dinosaurs -- but despite the words of doom and gloom, we are
dinosaurs who are, in fact, in no danger of extinction.  In fact,
feeling like a dinosaur can actually be a GOOD feeling!

Now if I can just figure out how to answer that letter...

-- Moira Allen, Editor

CHILDREN'S WRITER - Read by most of the children's book and
magazine editors in North America, this monthly newsletter can be
your own personal source of editors' wants and needs, market tips,
and professional insights to help you sell more manuscripts to
publishers in this growing market  segment. Get a Free issue.      


THE INQUIRING WRITER - Outside Inspiration, by Dawn Copeman

Last month I asked you if you ever "write" outdoors.  By this I
meant, do you manage to combine being outside with creating your
articles and stories?

Many of you, it seems, find the outdoors to be the perfect
inspiration for your writing. Ann Hoffman certainly does.  She
wrote: "I live in an apartment on the southernmost tip of South
Africa, in Nelson Mandela
Bay. The name alone inspires. The Bay is home to dolphin pods that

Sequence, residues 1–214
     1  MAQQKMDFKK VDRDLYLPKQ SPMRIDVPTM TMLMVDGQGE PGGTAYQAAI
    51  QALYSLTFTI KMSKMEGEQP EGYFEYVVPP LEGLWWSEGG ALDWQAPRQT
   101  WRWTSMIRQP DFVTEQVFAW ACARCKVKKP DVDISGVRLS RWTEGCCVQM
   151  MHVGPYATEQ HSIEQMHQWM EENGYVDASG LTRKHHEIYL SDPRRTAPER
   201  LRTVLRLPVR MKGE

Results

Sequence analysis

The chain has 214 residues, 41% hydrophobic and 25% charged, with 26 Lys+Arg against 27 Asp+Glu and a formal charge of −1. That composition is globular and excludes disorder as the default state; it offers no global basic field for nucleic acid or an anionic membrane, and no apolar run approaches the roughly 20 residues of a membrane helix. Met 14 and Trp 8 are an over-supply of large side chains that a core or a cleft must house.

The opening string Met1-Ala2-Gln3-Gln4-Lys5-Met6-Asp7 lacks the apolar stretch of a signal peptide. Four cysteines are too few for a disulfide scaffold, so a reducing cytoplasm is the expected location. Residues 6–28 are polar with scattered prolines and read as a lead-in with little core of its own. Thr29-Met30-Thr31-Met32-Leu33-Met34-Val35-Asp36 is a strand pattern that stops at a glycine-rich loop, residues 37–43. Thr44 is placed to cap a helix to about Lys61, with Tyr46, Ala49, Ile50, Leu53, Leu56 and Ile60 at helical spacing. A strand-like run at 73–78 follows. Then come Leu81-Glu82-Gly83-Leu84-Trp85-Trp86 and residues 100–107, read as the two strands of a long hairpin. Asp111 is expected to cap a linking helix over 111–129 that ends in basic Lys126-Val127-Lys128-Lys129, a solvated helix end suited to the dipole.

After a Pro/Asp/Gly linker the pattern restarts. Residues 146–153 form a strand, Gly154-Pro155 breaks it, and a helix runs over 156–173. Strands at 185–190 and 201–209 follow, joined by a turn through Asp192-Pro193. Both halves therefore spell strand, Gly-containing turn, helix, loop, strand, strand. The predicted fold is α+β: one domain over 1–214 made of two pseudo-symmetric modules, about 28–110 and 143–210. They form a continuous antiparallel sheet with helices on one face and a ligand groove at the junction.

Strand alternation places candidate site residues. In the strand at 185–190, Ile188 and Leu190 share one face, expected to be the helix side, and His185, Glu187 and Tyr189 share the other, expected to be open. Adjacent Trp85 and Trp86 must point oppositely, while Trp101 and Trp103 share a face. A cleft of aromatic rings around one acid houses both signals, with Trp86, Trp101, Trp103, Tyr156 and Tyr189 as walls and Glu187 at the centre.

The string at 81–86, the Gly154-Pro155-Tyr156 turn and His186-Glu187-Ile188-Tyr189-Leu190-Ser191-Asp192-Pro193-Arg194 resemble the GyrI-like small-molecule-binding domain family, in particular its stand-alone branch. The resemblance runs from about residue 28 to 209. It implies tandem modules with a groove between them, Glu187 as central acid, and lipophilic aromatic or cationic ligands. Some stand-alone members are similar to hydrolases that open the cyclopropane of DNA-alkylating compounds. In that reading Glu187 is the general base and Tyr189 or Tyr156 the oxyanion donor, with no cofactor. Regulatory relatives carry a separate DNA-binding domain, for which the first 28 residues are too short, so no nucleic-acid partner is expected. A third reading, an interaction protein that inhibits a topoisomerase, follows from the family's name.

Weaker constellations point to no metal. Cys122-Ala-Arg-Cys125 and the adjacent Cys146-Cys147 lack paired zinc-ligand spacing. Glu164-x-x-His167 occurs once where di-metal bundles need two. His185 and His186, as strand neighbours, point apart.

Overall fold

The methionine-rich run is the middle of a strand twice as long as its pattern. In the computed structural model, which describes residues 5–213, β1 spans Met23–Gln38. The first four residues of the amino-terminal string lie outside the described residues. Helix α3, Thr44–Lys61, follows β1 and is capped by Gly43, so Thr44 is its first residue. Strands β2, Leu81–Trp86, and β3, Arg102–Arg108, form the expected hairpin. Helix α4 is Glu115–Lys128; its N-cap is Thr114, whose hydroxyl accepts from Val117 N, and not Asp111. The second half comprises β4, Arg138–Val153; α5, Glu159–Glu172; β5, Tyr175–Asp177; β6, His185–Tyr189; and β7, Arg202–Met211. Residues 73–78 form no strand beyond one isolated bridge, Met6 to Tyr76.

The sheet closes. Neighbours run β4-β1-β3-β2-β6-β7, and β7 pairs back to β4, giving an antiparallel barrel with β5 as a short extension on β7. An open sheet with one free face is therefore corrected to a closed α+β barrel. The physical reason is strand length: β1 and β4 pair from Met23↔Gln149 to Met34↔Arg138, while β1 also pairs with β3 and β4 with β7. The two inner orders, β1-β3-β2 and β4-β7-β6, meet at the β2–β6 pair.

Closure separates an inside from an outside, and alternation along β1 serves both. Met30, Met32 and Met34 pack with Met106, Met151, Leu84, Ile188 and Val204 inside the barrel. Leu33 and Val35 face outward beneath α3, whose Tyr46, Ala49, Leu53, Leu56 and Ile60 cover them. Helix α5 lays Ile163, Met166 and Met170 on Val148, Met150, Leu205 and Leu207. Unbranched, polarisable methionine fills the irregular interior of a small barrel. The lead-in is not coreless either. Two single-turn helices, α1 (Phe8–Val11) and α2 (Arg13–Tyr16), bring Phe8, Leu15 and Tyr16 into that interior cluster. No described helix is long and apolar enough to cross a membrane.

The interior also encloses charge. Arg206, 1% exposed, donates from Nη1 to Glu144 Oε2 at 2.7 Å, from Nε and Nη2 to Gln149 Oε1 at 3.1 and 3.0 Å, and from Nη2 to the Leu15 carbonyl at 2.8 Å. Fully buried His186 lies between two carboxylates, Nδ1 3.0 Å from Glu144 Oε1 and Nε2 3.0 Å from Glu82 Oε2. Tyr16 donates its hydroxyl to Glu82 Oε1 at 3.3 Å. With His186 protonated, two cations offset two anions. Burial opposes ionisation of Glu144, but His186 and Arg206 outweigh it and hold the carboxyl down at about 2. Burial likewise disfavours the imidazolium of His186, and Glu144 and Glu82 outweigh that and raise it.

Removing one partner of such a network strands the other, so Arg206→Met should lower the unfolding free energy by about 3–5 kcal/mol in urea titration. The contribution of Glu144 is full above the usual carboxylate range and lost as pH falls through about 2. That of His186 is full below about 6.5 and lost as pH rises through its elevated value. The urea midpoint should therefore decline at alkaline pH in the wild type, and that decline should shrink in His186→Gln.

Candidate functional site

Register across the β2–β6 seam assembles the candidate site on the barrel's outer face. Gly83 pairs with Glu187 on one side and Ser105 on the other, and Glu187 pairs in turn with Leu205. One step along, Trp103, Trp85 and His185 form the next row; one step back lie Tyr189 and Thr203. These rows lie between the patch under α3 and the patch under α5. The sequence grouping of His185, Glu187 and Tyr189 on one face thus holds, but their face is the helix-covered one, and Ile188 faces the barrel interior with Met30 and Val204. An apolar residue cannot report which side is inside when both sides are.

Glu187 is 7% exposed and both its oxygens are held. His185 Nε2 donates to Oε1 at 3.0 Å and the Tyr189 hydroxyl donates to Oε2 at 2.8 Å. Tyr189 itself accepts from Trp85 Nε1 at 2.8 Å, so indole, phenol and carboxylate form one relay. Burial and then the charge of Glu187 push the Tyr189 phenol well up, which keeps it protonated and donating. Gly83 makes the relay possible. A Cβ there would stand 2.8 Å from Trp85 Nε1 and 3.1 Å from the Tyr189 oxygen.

cavort and enchant throughout the year. Whales slide in on the warm
current to mate and deliver their young during spring. Every
morning, as the sun rises over the sea, I walk along the beach
watching for these delightful mammals.

"Each day comprises different colours, scenes and experiences which
I tune into with all my senses. Then from somewhere, previously
elusive words and ideas crowd into my head while new slants on half
attempted stories appear. Poems, almost fully formed, scramble for
recognition. I have to stop, focus and order my thoughts before all
turns into a jumble of useless information. I carry a notebook and
pencil so I can jot down these myriad images before they escape.

"I come home, play an appropriate CD, then sit down at my desk to
write. My first draft is always hand-written. My study window looks
across the Bay so that the passing magic of the day is always with
me. My inspiration is definitely drawn from my environment and I
feel truly blessed by nature's ever-changing scenes." 

Jacqueline Dowling also takes her inspiration from her
surroundings.  She wrote: "We live in Africa and enjoy travelling
to fairly out-of-the-way places.  I've had stories published which